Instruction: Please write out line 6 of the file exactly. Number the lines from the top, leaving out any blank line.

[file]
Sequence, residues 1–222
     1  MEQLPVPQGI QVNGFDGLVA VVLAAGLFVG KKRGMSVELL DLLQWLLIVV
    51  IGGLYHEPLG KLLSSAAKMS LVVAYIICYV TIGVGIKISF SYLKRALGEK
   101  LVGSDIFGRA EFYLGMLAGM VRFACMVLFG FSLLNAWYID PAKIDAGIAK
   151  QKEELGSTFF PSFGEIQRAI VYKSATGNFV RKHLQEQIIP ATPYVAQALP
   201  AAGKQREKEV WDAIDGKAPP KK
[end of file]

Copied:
   201  AAGKQREKEV WDAIDGKAPP KK